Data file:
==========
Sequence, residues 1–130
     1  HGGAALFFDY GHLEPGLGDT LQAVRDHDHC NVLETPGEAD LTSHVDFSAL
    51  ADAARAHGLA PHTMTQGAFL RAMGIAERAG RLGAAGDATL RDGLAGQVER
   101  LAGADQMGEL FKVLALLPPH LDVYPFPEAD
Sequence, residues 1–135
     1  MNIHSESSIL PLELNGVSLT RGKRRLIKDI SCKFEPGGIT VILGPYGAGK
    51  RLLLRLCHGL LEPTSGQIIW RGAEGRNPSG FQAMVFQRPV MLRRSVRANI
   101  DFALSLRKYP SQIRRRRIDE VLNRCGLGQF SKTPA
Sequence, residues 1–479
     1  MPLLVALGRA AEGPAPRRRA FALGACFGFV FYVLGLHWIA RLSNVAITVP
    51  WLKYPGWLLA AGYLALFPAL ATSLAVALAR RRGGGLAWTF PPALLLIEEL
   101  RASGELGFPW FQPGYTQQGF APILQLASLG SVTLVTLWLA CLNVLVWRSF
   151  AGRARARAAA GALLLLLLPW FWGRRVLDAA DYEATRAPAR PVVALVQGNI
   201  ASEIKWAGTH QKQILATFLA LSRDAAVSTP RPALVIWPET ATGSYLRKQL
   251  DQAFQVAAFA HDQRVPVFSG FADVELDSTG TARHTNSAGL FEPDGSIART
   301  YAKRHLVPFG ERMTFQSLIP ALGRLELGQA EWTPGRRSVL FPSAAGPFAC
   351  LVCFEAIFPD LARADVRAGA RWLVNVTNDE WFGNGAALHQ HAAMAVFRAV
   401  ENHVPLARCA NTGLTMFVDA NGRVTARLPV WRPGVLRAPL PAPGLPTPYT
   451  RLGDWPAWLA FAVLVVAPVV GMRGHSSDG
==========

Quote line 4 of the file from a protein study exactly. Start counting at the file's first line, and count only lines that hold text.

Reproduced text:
   101  LAGADQMGEL FKVLALLPPH LDVYPFPEAD